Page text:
Burn succession, Asx‘ée, twisted tree
On May 9th, 2020, some camper-kids with lighters ignited a pretty dramatic grassfire at Crow Point. Koren Bosworth happened to be out there hiking and sent me some photos. On June 10, a month later, I asked her to show me where the Asx‘ée fire began and ended. I flew and mapped the 9.2-acre burn, and posted this 6-minute slideshow. Below, you’ll also find a link to my 14-page journal with more detail about succession, and the long-term implications of meadow fires in coastal uplift communities.
When Koren told me about the burn on the day it happened, my first concern was that it might enable spruce capture. In 1982—my third spring living on the delta—picnickers accidentally burned 2.5 acres on the outer ridge. It was on May 9th—exactly the date of this year’s larger fire—and statistically probably the driest week of the year. I remember lots of spruce seedlings springing up within that burn in following years. I wish now that I’d mapped em more carefully. About half of the 2.5 acres were subsequently lost to doghair spruce, and another quarter was buried under wave-dumped sand.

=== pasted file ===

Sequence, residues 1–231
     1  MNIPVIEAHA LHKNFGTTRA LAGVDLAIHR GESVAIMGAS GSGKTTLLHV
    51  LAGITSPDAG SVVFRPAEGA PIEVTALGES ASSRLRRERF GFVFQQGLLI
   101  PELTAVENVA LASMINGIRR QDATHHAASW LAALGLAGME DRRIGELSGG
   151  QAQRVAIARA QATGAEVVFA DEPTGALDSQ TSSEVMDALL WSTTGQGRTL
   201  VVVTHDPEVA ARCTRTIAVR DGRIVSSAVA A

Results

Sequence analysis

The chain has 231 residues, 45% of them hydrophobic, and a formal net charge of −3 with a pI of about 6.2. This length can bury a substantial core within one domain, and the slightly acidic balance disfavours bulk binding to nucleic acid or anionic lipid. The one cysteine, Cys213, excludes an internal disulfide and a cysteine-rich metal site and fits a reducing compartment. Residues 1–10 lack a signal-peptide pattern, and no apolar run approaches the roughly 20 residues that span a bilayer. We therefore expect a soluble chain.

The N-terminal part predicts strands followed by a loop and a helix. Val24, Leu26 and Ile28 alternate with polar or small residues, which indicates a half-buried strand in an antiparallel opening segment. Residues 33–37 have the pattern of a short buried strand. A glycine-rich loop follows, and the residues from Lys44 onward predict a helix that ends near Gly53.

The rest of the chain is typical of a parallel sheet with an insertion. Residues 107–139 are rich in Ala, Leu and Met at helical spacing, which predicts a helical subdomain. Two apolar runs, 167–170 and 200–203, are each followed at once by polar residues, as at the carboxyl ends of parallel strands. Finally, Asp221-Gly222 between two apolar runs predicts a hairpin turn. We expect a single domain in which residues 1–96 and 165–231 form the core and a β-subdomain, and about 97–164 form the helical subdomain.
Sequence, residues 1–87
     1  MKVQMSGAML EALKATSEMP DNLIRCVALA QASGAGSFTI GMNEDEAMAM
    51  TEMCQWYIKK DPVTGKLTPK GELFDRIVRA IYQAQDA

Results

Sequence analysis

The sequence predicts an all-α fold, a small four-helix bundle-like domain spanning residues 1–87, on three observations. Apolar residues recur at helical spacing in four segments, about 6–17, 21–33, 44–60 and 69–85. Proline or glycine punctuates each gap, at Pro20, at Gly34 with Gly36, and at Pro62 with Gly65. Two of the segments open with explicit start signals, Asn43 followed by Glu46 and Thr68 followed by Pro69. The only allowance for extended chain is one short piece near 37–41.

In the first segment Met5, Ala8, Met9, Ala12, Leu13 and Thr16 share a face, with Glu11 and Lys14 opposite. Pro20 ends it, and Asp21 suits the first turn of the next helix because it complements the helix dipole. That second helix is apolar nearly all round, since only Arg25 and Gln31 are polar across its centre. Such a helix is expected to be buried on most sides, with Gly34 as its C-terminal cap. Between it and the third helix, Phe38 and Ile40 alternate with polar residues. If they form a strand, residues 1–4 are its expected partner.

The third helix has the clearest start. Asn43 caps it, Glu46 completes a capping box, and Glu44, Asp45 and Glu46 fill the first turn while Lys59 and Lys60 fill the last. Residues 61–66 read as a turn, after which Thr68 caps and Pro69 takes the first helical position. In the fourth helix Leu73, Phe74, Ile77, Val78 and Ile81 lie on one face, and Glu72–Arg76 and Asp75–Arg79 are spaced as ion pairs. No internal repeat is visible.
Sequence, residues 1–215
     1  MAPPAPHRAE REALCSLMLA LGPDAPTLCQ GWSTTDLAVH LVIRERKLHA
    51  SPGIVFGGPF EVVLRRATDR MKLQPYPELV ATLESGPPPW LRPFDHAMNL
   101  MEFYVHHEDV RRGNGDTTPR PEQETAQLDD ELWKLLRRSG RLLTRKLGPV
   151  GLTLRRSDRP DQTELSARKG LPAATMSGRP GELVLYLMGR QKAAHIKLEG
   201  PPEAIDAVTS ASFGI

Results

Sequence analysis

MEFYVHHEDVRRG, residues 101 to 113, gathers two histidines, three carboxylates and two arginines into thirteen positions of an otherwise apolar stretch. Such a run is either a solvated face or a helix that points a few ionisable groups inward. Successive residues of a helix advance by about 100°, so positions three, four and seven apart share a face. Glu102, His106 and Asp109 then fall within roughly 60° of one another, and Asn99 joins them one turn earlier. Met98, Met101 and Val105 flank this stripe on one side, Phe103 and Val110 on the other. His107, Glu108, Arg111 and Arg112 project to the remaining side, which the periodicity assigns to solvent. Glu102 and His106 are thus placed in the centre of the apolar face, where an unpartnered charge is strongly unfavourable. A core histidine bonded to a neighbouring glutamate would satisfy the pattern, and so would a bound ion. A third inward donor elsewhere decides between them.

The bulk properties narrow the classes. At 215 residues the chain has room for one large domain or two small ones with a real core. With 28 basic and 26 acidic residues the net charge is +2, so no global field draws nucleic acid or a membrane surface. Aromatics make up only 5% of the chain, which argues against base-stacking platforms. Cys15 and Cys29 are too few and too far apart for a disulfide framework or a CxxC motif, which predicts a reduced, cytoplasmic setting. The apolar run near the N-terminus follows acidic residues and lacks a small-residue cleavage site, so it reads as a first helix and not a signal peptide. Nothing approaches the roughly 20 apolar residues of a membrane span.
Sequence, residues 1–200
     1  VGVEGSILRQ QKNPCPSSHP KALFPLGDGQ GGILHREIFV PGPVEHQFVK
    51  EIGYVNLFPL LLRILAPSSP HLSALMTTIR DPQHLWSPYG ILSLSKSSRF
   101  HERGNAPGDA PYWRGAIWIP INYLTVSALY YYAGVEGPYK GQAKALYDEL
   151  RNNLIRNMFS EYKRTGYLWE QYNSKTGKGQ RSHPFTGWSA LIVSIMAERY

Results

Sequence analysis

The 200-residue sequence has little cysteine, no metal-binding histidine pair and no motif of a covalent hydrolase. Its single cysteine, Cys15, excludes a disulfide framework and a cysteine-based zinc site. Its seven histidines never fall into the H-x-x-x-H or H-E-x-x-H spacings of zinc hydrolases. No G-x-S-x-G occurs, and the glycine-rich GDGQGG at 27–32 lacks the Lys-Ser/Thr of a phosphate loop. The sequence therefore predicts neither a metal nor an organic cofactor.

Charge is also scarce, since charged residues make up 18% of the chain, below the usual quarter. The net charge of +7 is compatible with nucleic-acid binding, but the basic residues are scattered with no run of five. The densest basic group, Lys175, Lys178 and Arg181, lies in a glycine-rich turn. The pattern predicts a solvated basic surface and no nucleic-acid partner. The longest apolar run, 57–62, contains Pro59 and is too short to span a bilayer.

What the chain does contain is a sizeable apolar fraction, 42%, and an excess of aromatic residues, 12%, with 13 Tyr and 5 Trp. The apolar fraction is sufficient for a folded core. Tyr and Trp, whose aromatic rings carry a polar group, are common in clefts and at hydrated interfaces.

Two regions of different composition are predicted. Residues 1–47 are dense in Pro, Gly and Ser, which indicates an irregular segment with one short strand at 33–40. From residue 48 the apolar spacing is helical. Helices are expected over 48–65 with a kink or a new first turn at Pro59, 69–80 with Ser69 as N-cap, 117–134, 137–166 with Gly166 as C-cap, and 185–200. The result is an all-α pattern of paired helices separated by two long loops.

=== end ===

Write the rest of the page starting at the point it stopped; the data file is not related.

Sitka spruce of course is an awesome tree, but I prefer not to see it replacing uplift meadow. This slideshow and journal are about the meadow-forest seesaw, which, surprisingly, has a lot to do with cigarette lighters.
Working with old maps and aerials from my Scout Camp days sent me to a sort of document-in-limbo, my Eagle Beach Maps collection. The version currently downloadable from JuneauNature is an old, 2008 facing-pages version, and I’d forgotten that a couple years ago, I started reformatting to single-page landscape, but stalled out and left it unfinished. I’ve been pecking away at that old/new document, and when it’s fully updated will provide the link here.
Although I’m of course slightly biased, Asx‘ée is a strong contender for what ecologist Chris Fastie once nominated as the “center of the universe.” I hope my notes and drawings and photos and maps can someday do it justice.